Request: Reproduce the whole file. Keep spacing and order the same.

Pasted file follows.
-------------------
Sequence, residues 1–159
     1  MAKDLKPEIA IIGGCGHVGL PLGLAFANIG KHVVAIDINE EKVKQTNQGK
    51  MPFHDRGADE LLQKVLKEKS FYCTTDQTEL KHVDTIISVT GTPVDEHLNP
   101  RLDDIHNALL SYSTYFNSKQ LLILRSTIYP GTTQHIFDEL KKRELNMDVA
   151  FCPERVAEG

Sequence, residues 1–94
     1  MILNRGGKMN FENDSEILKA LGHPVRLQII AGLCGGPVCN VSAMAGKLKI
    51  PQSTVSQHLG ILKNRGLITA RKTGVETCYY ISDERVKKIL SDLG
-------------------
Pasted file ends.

Sequence, residues 1–159
     1  MAKDLKPEIA IIGGCGHVGL PLGLAFANIG KHVVAIDINE EKVKQTNQGK
    51  MPFHDRGADE LLQKVLKEKS FYCTTDQTEL KHVDTIISVT GTPVDEHLNP
   101  RLDDIHNALL SYSTYFNSKQ LLILRSTIYP GTTQHIFDEL KKRELNMDVA
   151  FCPERVAEG

Sequence, residues 1–94
     1  MILNRGGKMN FENDSEILKA LGHPVRLQII AGLCGGPVCN VSAMAGKLKI
    51  PQSTVSQHLG ILKNRGLITA RKTGVETCYY ISDERVKKIL SDLG